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Daily manna from the Torah by Dr Ketriel Blad

Ki Tetzeh 49-5

When you go out

Deuteronomy 23:24(25) – 24:4

When a man takes a wife and marries her, if then she finds no favor in his eyes because he has found some indecency in her, and he writes her a certificate of divorce and puts it in her hand and sends her out of his house, and she departs out of his house, and if she goes and becomes another man's wife, and the latter man hates her and writes her a certificate of divorce and puts it in her hand and sends her out of his house, or if the latter man dies, who took her to be his wife, then her former husband, who sent her away, may not take her again to be his wife, after she has been defiled, for that is an abomination before the LORD. And you shall not bring sin upon the land that the LORD your God is giving you for an inheritance.  

Deut. 24:1-4 ESV


Is divorce permitted?

A Jewish wedding is only valid if it is performed under a chuppah. In the same way, a Jewish divorce is not valid without a get – bill of divorce. A wedding for the sons of Noach is valid if it is made under an authorised personality of his nation.

During the second temple period there were two main interpretations of the word “indecency”, in Hebrew ervahערוה, nakedness, displeasure, lack, inappropriateness, uncleanness, confusion, shame. On the one hand, we have the understanding from the house of Hillel, which says that a man can divorce his wife for anything that bothers him, even if it is just that she burns his food. The house of Shamai was stricter. He only permitted divorce when there was improper sexual conduct by the woman.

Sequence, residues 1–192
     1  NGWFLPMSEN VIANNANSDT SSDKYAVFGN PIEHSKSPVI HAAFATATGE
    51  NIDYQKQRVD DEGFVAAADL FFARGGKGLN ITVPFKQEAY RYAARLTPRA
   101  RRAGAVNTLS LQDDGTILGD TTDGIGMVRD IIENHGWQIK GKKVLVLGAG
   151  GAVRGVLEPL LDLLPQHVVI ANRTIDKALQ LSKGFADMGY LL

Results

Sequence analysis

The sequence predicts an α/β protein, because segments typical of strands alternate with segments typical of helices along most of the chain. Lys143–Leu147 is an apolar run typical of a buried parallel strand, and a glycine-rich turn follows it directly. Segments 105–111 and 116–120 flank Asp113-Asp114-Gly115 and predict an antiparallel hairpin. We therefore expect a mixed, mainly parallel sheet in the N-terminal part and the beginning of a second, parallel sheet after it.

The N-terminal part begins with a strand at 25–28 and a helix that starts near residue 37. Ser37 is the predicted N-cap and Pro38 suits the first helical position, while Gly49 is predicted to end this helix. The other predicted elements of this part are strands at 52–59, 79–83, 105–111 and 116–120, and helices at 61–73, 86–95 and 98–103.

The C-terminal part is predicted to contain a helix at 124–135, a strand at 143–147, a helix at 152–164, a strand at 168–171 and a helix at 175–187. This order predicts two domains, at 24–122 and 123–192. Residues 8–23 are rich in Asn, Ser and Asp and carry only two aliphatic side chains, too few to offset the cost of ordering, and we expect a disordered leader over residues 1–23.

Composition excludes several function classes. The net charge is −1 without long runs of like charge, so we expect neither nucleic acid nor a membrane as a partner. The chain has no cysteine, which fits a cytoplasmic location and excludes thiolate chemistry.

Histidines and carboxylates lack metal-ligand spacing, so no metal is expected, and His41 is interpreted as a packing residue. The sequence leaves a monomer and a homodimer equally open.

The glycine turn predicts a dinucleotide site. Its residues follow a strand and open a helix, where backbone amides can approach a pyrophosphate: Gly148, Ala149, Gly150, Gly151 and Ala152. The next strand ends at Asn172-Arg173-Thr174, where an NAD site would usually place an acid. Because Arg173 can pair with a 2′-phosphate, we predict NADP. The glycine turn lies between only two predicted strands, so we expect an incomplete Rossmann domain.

The author of Sefer HaChinuch considers that a bill of divorce, which is called a get, represents the balance between those who do not permit divorce at all, and those who permit divorce by the man saying only one word, for example “go”.

In Matthew 19:3-10, it is written: “Pharisees came to him, testing him, and saying, ‘Is it lawful for a man to divorce his wife for any reason at all?’ He answered, ‘Haven’t you read that he who made them from the beginning made them male and female, and said, “For this cause a man shall leave his father and mother, and shall join to his wife; and the two shall become one flesh?” So that they are no more two, but one flesh. What therefore Elohim has joined together, don’t let man tear apart.’ They asked him, ‘Why then did Moshe command us to give her a bill of divorce, and divorce her?’ He said to them, ‘Moshe, because of the hardness of your hearts, allowed you to divorce your wives, but from the beginning it has not been so. I tell you that whoever divorces his wife, except for sexual immorality, and marries another, commits adultery; and he who marries her when she is divorced commits adultery.’ His talmidim said to him, ‘If this is the case of the man with his wife, it is not expedient to marry.’”(HNV revised)

Here we see how Yesh˙a comes into the discussion between the house of Hillel and the house of Shamai. He says that the house of Shamai has interpreted the Torah correctly. We can draw some conclusions from this passage:

  1. Divorce is not the Eternal’s original intent for man.

  2. Divorce was permitted by the Eternal, not commanded.